By Nicholas Bobadilla
Gregory Chin grew frustrated with the PT Foundation halfway through his eight-week practice experience in Kuala Lumpur, Malaysia. He was working with one of the foundation’s HIV/AIDs clinics, which provides confidential and anonymous STD testing and counseling services that once had been free.
A shift in the organization’s priorities from accessibility to sustainability resulted in a mandatory fee for all clients. To make matters worse, the clinic relocated, further restricting access to clients without reliable transportation.
Like any Global Poverty & Practice student at UC Berkeley, Chin had developed a radar for the kinds of problems he saw at the PT Foundation.
“I thought: You keep forgetting about the people you’re serving,” he said. “You keep running it to make sure this place survives, as opposed to making sure the community you’re working with survives.”
GPP students often recognize and then grow frustrated by the deficiencies of the organizations where they briefly volunteer. The theoretical aspect of the curriculum places heavy emphasis on the critique of poverty interventions. It’s this problematizing that the GPP minor is notorious for, constantly encouraging students to question their organizations and the roles they play within them.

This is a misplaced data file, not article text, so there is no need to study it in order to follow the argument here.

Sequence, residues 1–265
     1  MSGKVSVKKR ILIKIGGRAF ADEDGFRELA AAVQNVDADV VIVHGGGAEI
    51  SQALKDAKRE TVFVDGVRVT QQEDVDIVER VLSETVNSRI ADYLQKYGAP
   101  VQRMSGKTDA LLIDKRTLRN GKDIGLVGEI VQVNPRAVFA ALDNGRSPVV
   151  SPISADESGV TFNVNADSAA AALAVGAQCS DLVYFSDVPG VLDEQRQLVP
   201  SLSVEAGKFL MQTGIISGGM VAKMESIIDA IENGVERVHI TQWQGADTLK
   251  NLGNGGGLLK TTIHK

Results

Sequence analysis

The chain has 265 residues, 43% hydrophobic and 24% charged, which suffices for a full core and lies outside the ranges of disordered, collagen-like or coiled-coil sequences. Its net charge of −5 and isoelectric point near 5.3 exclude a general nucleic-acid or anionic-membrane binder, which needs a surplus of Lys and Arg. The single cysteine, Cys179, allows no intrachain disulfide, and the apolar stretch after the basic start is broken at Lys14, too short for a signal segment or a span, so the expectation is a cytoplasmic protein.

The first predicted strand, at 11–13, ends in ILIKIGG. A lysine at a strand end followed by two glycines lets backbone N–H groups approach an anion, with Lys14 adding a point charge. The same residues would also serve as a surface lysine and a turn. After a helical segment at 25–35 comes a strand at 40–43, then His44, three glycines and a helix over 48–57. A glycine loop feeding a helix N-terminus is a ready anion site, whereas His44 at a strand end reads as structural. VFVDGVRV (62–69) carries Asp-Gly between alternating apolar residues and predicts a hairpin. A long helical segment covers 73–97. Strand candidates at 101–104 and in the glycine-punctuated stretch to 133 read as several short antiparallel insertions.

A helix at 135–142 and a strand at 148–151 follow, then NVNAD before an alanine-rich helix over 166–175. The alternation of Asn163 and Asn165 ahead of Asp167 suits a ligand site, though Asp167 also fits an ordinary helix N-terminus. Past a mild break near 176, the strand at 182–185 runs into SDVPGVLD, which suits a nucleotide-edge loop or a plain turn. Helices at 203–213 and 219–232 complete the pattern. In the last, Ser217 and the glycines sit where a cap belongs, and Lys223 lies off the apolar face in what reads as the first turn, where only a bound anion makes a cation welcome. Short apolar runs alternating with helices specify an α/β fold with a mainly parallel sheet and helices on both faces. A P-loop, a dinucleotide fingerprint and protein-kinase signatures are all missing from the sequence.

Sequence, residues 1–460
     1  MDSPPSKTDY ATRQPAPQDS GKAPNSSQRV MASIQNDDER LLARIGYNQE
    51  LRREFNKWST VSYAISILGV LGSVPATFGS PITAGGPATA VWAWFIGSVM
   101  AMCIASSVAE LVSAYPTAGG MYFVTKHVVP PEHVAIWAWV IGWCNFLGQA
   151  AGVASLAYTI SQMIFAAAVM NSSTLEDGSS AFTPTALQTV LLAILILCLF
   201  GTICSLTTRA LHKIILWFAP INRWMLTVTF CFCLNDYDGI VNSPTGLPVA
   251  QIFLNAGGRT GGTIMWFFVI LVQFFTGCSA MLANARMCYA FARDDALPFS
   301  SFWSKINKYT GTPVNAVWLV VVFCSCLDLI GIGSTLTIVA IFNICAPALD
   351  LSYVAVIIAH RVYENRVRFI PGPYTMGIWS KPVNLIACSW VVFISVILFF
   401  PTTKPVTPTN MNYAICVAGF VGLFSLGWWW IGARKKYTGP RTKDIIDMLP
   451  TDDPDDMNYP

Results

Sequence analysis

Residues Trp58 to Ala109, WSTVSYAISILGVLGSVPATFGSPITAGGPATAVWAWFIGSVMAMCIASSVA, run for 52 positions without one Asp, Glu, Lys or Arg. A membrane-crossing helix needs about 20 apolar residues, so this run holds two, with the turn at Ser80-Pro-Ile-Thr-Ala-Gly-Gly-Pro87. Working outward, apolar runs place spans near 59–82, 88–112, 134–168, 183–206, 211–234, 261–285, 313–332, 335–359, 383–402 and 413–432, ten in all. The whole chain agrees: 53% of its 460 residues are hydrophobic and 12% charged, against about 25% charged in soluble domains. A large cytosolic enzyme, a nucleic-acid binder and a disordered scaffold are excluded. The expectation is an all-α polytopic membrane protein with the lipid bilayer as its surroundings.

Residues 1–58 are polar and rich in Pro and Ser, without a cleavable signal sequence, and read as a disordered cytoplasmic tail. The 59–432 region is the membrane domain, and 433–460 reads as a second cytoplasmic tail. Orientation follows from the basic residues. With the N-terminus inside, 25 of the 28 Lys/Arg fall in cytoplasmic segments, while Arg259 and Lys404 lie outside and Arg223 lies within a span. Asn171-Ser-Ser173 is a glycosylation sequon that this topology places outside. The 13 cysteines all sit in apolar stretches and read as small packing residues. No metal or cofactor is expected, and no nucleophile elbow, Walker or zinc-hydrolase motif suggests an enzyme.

While in Kuala Lumpur, Chin voiced his opinions and lobbied his coworkers for change, but he was aware of his limited authority as a foreign volunteer. He also understood that fixing the problems he encountered required a critical stance.
“We problematize everything we see and then feel frustration as a result. But the fact that we can be frustrated and accept that frustration is a way to motivate ourselves to enact change,” he said. “If we don’t think of why this is better or wrong or what harm it’s doing, we won’t be able to alter it.”
As a Cal student in his final year on the pre-med track, Chin intends to bring this critical mindset to his medical career. “I will incorporate GPP into my future profession by recognizing that there’s always something wrong and there’s always someone who’s not benefitting within a system,” he explained.
For Chin, the often single-pronged, scientific approach doctors take can ignore cultural factors that lead to disease. “It’s about contextualizing experiences, but also about understanding the roots of people’s experiences and using those to understand the systems that people come from.”
Eight weeks in Malaysia gave Chin the time to embrace this more empathetic and individualized approach to medicine—an approach he intends to take one step further. By seeing people as individuals, he hopes to better understand the complex connections they might share. This simple realization has allowed him to go beyond the frustration prompted by the GPP minor and envision a medical career grounded in the complexity of human experience.
“We focus a lot more on how different one person is from another or how different I am from somebody else, but we don’t always focus on trying to find connections,” he said. “When we find those connections, we’re reminded that an individual’s life is complex.”